Three out of four youngsters in India are likely to click on promotional links related to diet tips and programmes and a large section among them are even willing to share their credit/debit card details if such tips take them a step closer to achieving desired results, an Intel Security survey shows.
The study conducted in multiple countries by the chip giant's security unit in April involved more than 15,000 people between ages 21-54. In India, the study included responses from nearly 1,500 people.
"Findings from our study indicate that Indian millennials (aged 20-30) are conscious about their diet, and they tend to rely on information available online for quick diet fixes, and cybercriminals are increasingly exploiting this behavior for their own benefit," Venkat Krishnapur, Head of Operations for Intel Security's India Engineering Centre, said in a statement.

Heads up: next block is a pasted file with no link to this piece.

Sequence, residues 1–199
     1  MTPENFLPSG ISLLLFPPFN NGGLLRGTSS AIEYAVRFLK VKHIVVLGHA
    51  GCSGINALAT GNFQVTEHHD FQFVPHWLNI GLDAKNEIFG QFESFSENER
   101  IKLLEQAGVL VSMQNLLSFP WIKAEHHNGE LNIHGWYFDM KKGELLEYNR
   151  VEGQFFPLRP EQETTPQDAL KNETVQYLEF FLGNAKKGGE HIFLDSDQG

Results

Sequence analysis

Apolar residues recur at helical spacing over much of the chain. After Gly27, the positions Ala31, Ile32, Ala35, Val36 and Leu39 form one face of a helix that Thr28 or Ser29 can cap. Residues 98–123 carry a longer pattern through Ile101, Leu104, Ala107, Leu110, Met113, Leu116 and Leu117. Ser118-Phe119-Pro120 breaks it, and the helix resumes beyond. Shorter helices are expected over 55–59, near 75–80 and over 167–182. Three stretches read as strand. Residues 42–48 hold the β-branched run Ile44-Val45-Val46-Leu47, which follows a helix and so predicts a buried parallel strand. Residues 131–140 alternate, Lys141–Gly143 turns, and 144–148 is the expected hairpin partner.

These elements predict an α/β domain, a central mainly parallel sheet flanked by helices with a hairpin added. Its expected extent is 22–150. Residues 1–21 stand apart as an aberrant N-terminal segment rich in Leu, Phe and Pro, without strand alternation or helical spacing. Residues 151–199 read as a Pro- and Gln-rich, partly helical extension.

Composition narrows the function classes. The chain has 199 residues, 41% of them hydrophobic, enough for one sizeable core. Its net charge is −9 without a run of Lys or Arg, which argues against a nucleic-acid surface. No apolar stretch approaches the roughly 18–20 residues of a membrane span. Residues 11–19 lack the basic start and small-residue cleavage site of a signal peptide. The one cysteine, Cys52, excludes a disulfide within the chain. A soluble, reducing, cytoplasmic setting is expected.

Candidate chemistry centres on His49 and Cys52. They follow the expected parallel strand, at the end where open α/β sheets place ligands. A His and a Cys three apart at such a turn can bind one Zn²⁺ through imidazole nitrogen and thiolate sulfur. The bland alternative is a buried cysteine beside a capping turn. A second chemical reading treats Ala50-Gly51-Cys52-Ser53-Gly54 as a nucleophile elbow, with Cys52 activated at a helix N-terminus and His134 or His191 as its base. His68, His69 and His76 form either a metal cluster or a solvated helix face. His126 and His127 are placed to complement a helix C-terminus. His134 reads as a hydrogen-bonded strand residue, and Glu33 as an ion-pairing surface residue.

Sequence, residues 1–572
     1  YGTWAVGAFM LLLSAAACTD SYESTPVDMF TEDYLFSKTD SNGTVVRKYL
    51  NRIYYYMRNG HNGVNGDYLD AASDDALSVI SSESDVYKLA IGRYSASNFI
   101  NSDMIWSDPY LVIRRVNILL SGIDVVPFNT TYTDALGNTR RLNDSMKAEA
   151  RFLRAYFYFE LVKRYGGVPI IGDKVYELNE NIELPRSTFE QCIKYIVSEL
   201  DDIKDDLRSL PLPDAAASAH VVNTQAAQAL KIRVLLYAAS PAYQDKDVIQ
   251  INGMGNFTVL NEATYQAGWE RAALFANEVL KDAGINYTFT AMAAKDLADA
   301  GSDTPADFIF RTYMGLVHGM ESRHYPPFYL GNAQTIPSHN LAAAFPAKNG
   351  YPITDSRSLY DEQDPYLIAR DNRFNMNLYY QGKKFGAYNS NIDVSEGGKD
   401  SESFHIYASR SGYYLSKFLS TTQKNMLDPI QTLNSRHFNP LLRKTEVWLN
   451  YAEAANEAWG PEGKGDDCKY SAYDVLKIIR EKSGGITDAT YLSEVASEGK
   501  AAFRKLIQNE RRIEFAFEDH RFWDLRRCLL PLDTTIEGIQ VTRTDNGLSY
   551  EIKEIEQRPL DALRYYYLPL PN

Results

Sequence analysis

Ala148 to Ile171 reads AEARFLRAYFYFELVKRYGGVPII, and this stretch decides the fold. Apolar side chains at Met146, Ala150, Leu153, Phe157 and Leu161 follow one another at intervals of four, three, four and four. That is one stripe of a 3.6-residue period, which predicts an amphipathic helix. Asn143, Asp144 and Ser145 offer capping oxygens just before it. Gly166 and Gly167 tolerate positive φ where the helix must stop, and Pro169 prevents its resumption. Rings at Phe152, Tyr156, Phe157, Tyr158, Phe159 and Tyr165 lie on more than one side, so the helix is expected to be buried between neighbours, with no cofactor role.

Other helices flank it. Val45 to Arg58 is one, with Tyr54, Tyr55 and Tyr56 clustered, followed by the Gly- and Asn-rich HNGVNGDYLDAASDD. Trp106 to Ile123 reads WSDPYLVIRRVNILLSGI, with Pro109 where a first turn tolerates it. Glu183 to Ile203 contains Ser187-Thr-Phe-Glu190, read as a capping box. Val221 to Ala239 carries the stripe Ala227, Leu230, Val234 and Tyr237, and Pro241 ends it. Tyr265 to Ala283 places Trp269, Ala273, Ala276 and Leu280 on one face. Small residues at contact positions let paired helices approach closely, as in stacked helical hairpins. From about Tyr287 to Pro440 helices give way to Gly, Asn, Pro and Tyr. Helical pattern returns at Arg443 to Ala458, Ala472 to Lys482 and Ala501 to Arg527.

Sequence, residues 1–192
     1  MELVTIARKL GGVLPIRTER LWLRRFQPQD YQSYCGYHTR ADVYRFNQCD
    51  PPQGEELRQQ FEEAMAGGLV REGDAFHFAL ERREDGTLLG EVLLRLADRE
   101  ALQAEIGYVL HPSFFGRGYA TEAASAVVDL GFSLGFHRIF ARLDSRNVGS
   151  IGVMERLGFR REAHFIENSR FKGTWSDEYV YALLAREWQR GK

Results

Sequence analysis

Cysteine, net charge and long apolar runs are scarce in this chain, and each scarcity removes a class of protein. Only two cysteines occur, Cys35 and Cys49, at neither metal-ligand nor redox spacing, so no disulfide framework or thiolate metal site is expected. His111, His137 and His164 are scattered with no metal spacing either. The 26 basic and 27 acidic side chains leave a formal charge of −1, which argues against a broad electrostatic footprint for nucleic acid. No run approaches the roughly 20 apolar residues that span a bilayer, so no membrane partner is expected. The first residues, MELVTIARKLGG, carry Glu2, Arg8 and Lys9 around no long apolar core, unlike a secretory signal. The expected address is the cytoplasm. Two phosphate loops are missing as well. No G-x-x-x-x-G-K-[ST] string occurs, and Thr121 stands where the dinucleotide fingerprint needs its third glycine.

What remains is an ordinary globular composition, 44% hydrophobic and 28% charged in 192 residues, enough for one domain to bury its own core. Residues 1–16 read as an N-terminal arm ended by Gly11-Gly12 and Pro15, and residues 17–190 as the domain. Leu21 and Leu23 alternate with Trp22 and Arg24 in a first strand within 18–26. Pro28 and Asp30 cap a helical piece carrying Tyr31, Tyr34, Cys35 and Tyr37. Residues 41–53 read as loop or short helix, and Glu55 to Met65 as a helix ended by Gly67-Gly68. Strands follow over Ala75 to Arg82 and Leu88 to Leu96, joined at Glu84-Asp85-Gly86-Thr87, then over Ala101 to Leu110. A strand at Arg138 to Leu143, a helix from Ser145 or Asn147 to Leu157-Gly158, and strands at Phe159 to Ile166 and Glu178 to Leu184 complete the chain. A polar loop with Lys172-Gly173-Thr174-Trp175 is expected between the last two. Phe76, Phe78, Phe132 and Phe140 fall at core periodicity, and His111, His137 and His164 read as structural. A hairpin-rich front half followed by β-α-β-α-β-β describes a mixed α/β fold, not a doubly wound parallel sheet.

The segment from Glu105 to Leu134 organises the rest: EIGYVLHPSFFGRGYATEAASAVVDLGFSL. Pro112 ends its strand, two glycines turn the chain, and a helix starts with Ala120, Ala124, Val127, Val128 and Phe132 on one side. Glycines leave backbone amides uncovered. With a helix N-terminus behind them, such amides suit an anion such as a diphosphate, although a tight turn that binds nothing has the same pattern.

The survey indicated that 77 per cent of youngsters between the age group of 21-30 years are likely to click on promotional links around diet tips and programmes.
Many respondents reported their willingness to share information like email address (79 per cent), full name (72 per cent) or age (53 per cent) with a website, service or company in hopes of reaching their goal weight or dream body.
A significant number of respondents indicated that they would also share their home address (28 per cent), credit/debit card details (13 per cent), or even a photo in underwear/bathing suit with before/after shots (6 per cent).
Yet one out of four respondents (25 per cent) admitted that they did not know how to check if the website was secure before providing payment details or personal information.
The study revealed that 44 per cent of survey respondents purchased a service or product from a promotional link without knowing whether or not it is a secure site.
"Offers from sites that seem too good to be true, such as 'Lose 5 kg in one week,' may indicate that a site should be viewed with caution. Websites or emails might include phishing links that can lead you to websites that lure you into giving personal information to cybercriminals or download malware to your computer," the study noted.